• Inet.dll
    This library comes with IE3 and later and gives you rapid client access to web and ftp servers. Implement your server as a web server extension (IIS, Perl, ASP, JSP, whatever) and you are away.
  • DCE/Microsoft RPC
    You need the win32 SDK to use this. But you may be able to talk to Unix boxes.
  • Named Pipes
    Note that you can't create the server side on win9x, which limits their value as a peer-peer tool.
  • Mailslots
    When broadcasting a message to all clients in a workgroup, the message is sent over every transport: clients may therefore receive multiple copies. Design your protocol to handle this.
  • Email
    You can use an email system such as Exchange or SMTP as the transport.

[Top of Section] [Index]

5.1.5. How can I tell what version of windows I'm running?

With the function GetVersionEx(). This fills in a structure indicating whether or not the OS is NT, and what the version number of the OS is
BOOL  InWinNT() //test for NT nature
	return osv.dwPlatformId==VER_PLATFORM_WIN32_NT;
The major and minor elements of the structure help to differentiate beween versions more usefully than build number. NT4 is (NT, 4, 0), NT5 is (NT, 5, 0). Win95 is (no NT, 4, 0) while '98 is (no NT, 4, 0x10), build 1998. Win98 SE is build 2222 or later.
[Top of Section] [Index]

5.1.6. How do I write a screen saver?

You look in the on line help: "Screen Savers", or in the example code which your compiler ships with for a sample saver. The main points to know are
  1. a saver is just an executable (.EXE) with a .SCR extension
  2. the setup dialog is invoked with a /c argument; otherwise the app just shows the saver.
  3. when invoked with "/p hwnd" then it's preview mode
  4. On Win98 the savers need to handle mouse and keyboard presses and password checks themselves: on NT this is all done for you by the OS, which closes the window when it is appropriate.

There are some more details elsewhere on this site, but the best documentation and example code is at Lucien's Screensaver Site.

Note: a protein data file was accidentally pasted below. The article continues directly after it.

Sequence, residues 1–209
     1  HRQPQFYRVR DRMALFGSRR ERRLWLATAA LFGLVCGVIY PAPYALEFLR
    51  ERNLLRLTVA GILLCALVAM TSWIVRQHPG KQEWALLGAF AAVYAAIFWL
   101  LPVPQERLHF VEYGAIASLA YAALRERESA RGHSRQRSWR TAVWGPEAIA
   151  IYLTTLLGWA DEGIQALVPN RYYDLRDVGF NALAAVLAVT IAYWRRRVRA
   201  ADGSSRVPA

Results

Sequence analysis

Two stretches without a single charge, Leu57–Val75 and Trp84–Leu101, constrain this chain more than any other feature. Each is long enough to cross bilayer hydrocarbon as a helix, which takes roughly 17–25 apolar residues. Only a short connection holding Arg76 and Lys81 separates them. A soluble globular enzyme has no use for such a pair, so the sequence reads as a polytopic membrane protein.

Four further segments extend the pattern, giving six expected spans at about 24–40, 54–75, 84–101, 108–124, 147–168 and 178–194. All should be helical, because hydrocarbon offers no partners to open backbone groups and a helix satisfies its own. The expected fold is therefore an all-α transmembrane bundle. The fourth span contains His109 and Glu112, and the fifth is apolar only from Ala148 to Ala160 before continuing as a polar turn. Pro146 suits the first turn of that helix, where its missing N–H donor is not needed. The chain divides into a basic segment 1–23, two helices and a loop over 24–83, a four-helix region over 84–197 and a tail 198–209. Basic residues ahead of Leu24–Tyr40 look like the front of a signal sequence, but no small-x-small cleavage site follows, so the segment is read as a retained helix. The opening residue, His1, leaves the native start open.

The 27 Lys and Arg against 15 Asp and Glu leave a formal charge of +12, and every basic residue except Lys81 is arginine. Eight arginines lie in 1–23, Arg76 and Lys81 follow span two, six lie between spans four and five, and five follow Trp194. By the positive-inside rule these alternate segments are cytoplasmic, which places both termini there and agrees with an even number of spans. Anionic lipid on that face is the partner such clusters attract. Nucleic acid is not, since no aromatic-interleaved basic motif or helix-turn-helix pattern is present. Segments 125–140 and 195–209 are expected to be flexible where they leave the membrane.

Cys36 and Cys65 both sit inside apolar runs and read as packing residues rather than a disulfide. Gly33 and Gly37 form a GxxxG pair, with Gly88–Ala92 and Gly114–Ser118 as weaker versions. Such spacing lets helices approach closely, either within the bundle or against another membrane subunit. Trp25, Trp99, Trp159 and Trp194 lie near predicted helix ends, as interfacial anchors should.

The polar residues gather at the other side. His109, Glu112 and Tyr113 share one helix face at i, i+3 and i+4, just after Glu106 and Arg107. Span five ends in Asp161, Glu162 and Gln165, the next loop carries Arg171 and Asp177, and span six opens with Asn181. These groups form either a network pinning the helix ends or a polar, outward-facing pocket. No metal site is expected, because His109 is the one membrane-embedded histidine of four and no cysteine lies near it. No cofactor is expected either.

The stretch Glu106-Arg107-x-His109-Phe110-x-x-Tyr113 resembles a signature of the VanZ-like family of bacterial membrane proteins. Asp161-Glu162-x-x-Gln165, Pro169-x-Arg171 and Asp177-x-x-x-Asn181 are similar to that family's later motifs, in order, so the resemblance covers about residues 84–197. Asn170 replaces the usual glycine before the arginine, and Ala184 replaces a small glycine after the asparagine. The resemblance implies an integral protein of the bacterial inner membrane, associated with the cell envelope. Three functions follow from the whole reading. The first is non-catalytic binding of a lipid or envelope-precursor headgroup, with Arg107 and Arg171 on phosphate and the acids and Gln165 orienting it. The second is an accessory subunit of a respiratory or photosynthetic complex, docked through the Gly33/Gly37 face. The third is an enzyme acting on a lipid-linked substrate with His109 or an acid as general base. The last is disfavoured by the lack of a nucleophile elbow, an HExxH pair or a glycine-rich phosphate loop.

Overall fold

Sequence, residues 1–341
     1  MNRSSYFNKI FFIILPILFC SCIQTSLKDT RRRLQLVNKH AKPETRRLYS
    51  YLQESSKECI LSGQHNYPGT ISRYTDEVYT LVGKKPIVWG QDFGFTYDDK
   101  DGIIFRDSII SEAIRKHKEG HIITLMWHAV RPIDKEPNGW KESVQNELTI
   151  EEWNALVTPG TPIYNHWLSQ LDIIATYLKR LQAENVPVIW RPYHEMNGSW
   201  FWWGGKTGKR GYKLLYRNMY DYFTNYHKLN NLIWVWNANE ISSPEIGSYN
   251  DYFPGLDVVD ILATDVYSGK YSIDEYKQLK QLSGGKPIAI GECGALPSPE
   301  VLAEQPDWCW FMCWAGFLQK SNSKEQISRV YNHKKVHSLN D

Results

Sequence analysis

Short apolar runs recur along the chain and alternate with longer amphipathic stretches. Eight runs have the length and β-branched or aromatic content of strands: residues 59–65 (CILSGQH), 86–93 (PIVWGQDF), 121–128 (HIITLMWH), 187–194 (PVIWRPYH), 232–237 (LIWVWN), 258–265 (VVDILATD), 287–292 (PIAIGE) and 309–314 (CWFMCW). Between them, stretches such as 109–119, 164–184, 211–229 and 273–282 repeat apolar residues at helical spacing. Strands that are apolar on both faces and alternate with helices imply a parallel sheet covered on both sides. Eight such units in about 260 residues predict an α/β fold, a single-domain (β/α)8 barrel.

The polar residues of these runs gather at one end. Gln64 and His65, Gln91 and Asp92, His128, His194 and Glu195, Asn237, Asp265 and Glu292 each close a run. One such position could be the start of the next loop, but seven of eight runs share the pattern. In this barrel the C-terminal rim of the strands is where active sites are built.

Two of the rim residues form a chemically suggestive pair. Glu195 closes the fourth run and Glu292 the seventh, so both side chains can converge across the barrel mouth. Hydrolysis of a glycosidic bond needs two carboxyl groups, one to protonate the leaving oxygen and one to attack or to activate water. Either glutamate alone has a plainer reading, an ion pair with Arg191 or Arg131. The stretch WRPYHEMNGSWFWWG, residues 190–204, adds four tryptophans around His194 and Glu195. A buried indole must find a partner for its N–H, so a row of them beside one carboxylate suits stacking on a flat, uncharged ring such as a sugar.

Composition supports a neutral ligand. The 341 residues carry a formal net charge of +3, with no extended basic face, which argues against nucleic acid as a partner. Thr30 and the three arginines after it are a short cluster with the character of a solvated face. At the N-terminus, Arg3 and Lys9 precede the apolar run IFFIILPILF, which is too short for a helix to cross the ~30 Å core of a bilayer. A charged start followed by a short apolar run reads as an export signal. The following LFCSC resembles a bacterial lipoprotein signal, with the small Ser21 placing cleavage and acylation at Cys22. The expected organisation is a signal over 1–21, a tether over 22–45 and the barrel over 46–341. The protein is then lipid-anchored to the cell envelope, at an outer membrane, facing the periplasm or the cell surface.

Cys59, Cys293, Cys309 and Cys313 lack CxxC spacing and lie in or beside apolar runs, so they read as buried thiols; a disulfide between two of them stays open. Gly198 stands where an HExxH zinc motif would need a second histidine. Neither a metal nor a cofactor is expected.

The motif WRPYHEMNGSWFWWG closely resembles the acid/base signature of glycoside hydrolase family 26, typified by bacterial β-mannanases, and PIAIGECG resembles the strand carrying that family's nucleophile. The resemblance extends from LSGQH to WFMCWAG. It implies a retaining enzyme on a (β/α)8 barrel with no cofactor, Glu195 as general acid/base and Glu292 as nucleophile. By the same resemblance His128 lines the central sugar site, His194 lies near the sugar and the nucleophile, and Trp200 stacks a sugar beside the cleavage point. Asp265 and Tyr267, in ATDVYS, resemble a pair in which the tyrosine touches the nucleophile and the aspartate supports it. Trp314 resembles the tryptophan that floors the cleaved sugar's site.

[Top of Section] [Index]

5.1.7. What is a Callback function?

These are quite common in Windows, and can be an intimidating concept. Put simply, a callback function is a function in your program, the address of which you pass to the OS or some other DLL. This external code 'calls back' your function when it feels like it.

Callback functions are central to Windows: every window has a callback function -the Window Procedure- associated with it, which is called whenever the OS wants to send a message to the window. Other places that callback functions crop up is in hook procedures, callbacks invoked when a hooked system event occurs, and in enumerations -such as when you call EnumWindows().

A key feature of callback functions is that the rules for passing parameters and the number and type of parameters passed must exactly match what the OS expects, or Bad Things happen. Usually the compiler warns you when you try and break the rules -most often when you try and use a C++ member function as a callback. The hidden 'this' pointer prevents non-static member functions from being used in this way.
[Top of Section] [Index]

5.1.8. How can my 32 bit program call a 16 bit library?

NT: You can't do this directly. You will have to write a 16 bit stub app which forwards commands and responses via some IPC mechanism such as COM.

Win9x: Use flat thunks. The thunk compiler is in the SDK, and the documentation is in the Programmer's guide to win95.

Win32s: Generic Thunks
[Top of Section] [Index]

5.1.9. How do I translate the value returned by GetLastError() into a string?

With FormatMessage(), asking for the system message tables. This is a good i18n technique, as the OS can return translated strings itself. NB: does not work in CE, as the error strings aren't included in the ROM images.
BOOL GetFormattedError(LPTSTR dest,int size)
	DWORD dwLastError=GetLastError();
		return 0;
	BYTE width=0;
	DWORD flags;
	return 0 != FormatMessage(flags,

[Top of Section] [Index]

5.1.10. Why are all my Exe files so big?